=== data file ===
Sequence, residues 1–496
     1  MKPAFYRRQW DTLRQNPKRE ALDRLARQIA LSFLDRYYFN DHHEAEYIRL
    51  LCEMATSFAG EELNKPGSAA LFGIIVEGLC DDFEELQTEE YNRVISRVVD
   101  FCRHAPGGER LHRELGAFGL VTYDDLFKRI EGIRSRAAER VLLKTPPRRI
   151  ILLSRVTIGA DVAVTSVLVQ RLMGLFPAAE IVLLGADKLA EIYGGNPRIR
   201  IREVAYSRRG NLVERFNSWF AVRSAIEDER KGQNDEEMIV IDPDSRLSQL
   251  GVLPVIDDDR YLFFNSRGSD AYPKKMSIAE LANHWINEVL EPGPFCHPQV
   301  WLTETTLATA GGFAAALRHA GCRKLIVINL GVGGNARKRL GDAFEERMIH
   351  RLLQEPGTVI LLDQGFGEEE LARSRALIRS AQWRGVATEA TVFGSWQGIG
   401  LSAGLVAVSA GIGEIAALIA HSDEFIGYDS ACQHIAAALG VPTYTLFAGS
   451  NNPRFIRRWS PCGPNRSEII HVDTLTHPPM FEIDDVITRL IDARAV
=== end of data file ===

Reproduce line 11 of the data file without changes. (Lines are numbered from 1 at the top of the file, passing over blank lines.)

   451  NNPRFIRRWS PCGPNRSEII HVDTLTHPPM FEIDDVITRL IDARAV